Helping Future Woodworkers Breath Easier
In 2012, Green River Community College and the State of Washington initiated a plan to build a new state-of-the-art community college focused on training skilled woodworking professionals. The goal was to teach aspiring woodworkers the art of woodworking, design and craftsmanship while providing hands on training.
Wood dust particles and chemicals used in finishing can present several health and safety hazards to students if not properly controlled. Concentrations of small wood dust particles are not visible to the naked eye and are considered highly flammable. These particles, if not controlled, can accumulate in machines and present a potential fire hazard.
Green River Community College looked to AAF to help design and install a collection system to meet the safety and performance needs of their students. Design considerations for the woodworking classroom needed to comply with the National Fire Protection Association’s (NFPA) 664: Standard for the Prevention of Fires and Explosions in Wood Processing and Woodworking Facilities, while also meeting a sound limitation of 65 dBA. Additionally, Green River was looking for a collection system that did not require compressed air usage.
The woodworking classroom and dust collector design presented several challenges. First, the classroom was outfitted with several pieces of dust-producing equipment spread throughout the large open room to allow for students and teachers to move from station to station. The dust collection system and ducting had to be designed to minimize interference with the classroom environment. Secondly, the dust collector would be located indoors, which meant sound abatement was critical, and had to comply with Washington State’s noise requirements. There was no compressed air available at the site, so the dust collector needed to operate without the need for compressed air. Most importantly, the students’ safety had to be assured, as wood dust is highly flammable and can present explosion hazards.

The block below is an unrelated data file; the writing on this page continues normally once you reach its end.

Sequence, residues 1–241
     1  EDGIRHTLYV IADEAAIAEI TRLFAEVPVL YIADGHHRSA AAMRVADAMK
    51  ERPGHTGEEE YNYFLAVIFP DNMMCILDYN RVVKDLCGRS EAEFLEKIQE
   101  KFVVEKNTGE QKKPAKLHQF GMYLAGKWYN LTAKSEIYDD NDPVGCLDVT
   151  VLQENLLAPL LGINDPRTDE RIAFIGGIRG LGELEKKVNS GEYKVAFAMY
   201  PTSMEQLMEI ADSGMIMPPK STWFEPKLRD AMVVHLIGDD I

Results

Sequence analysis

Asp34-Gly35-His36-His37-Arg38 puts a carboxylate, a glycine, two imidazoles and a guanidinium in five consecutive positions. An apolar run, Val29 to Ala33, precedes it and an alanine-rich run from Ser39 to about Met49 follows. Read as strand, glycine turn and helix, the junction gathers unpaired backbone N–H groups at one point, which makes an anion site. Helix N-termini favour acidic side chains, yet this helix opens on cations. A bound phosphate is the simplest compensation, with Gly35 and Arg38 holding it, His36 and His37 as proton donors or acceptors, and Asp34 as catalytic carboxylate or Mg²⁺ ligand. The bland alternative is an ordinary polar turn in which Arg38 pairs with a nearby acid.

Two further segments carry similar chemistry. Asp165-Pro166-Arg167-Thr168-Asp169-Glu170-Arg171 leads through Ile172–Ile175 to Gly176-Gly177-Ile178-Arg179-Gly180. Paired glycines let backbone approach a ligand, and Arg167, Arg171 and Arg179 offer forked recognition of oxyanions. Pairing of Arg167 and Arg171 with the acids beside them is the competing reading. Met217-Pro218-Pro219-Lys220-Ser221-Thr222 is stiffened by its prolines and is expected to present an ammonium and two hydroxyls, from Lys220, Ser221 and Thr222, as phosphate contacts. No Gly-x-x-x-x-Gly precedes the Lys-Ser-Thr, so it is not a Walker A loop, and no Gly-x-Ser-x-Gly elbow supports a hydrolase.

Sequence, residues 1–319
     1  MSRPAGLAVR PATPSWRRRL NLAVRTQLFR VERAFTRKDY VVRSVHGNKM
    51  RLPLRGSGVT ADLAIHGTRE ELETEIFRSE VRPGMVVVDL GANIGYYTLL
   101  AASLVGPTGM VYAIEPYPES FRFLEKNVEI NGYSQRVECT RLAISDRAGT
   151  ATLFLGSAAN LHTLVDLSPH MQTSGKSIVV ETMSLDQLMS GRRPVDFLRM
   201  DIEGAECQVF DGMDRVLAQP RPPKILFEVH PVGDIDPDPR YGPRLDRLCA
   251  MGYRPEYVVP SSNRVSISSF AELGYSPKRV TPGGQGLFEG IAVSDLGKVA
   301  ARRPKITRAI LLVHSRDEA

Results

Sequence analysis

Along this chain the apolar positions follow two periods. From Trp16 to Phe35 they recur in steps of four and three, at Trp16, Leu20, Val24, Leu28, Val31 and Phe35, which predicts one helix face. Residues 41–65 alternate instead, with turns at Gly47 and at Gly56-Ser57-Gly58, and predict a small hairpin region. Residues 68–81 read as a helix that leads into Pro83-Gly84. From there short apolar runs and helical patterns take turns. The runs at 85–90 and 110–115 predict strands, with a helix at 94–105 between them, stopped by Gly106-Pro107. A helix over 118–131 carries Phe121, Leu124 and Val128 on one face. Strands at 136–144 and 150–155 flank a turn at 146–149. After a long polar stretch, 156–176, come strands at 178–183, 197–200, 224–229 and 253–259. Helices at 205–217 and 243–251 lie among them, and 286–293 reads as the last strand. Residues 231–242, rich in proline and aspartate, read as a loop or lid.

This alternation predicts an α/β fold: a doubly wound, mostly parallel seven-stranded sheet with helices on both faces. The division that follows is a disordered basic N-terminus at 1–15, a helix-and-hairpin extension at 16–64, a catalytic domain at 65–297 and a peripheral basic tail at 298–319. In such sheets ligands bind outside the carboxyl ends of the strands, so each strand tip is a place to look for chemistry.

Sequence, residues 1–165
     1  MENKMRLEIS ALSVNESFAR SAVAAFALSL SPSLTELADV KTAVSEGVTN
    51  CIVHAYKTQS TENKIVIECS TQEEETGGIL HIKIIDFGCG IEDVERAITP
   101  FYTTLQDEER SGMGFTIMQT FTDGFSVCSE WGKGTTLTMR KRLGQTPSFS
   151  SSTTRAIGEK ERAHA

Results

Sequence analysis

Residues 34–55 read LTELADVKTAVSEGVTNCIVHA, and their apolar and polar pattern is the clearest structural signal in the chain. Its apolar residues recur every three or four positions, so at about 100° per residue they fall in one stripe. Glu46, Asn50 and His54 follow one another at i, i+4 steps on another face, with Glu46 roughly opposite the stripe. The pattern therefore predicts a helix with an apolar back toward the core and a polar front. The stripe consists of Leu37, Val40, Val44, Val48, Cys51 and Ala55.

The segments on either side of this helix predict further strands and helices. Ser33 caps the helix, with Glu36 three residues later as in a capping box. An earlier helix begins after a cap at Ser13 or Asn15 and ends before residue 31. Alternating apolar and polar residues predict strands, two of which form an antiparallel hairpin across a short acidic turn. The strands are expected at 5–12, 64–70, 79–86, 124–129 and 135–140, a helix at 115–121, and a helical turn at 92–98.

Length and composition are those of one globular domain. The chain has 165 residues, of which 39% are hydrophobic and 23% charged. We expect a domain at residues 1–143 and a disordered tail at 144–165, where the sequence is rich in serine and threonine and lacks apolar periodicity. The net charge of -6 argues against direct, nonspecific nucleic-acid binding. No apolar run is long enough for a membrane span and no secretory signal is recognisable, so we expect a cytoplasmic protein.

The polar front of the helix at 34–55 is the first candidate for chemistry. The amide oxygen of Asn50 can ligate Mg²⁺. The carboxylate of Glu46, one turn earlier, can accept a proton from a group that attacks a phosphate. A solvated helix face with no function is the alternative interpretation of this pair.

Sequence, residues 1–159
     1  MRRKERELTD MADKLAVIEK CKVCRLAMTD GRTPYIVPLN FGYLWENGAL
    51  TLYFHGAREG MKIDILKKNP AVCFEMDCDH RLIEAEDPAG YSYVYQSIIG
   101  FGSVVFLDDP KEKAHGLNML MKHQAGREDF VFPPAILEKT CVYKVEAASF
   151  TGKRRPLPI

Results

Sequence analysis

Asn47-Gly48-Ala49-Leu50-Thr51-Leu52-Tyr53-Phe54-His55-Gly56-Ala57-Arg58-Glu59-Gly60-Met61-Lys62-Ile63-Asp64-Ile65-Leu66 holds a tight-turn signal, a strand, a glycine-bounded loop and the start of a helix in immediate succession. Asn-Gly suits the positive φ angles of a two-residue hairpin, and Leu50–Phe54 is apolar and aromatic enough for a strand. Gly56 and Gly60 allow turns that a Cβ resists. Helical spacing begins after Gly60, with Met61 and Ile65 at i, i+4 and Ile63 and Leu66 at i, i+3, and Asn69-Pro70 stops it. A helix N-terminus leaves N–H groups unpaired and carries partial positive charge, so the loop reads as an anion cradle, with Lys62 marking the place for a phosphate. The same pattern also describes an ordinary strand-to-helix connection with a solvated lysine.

AAF’s applications engineering team recommended an AR4-15 ArrestAll® shaker collector and an integral after filter. With the ArrestAll® design, the industrial fan never contacts dust laden air, meeting the NFPA 664 guidelines. Consequently, if the primary filters fail, the secondary safety filters capture bypassed particulate. This keeps students safe while preventing combustible dust from reaching the fan. Secondly, AAF’s integral Varicel® after filter systems are 95% on 0.3 micron particles, and meet the 99.99% efficiency on 10 micron requirement, as called out in NFPA 664. Integral spark detection and spray nozzles in the ductwork along with high speed abort gates add additional layers of protection to prevent any deflagration from occuring. Utilizing a 90 degree sound trap on the return air also reduced noise below 65 dBA, meeting Washington State’s noise requirements.
The school now has an industrial dust collection system that keeps students and instructors safe and maintains NFPA and EPA regulations.With the safety and performance features included in the supplied dust collection system, the students and teachers can do their work without having to worry about the safety concerns or nuisance dust often encountered in woodworking applications.